Morning Consult | Monday, October 5, 2015 | By Randall Luthi
Last week, in the wee hours of the morning on the East Coast, Shell announced it was suspending its offshore Alaska operations, after finding insufficient quantities of hydrocarbons to justify further development at its sole well in the Chukchi Sea. The news rippled its way around the globe, through Washington, DC and the North Slope of Alaska, leaving in its wake jubilant opponents of oil and natural gas development, disappointed job seekers and industry supporters in Alaska (and in the Gulf of Mexico), a half empty trans-Alaska pipeline, and questions within the energy industry of what comes next.
Shell expended over $7 billion on this “dry hole”. In addition, they have battled transportation mishaps, expensive renovations to drill ships, Green Peace hounding their every move, and an exploration plan unnecessarily crimped by Federal regulations. I heartily commend Shell for their efforts and their steadfastness in working with the local native governmental groups to pave the way for local support and understanding of oil and natural gas exploration. More importantly, Shell showed a wary public that exploration and drilling can be done safely in the Arctic. The technology is there, it has been used in other parts of the world, but the real challenge was navigating under the regulatory thumb of the Federal government.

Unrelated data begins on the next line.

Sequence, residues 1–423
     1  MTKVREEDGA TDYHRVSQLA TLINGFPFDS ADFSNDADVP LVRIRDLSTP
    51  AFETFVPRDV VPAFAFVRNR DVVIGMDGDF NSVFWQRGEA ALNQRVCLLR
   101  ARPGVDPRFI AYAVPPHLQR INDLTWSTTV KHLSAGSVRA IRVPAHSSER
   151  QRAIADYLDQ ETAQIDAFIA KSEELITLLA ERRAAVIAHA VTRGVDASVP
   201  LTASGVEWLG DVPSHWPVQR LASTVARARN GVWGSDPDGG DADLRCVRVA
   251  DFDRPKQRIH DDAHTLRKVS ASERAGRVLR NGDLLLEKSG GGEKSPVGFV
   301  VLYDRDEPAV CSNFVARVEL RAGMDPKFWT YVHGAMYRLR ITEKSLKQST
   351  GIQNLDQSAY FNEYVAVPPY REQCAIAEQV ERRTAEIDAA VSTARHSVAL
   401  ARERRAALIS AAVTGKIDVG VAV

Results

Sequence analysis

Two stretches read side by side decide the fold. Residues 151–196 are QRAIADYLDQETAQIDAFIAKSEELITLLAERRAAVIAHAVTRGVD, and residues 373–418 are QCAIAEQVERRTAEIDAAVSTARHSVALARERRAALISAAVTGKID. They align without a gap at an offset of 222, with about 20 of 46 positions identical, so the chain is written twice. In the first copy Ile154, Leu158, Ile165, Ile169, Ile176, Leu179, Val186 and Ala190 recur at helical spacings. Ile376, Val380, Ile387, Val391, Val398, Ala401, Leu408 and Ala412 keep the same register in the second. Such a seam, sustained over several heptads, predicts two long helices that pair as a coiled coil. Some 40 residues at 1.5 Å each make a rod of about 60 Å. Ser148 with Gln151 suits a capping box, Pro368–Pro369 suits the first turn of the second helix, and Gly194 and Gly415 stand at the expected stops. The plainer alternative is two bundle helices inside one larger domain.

From the view of the Federal regulators, they were going to do everything in their power to allow little or no margin for error. Shell was required to have the equipment and ability to cap a leaking well, response ships on stand-by and another drilling rig sitting idle in case a relief well was needed. The regulatory prohibition of not being able to drill more than one exploratory well certainly made that a Hail Mary attempt.
To the cheers of many environmental groups and the disappointment of others, Shell’s long shot missed. But the attempt doesn’t mean there aren’t commercially available oil and natural gas resources in the area; it just means there weren’t any where Shell drilled. But, what does it really mean? Is future Arctic exploration frozen out, or is this just a step backward, while gearing up for a big leap forward?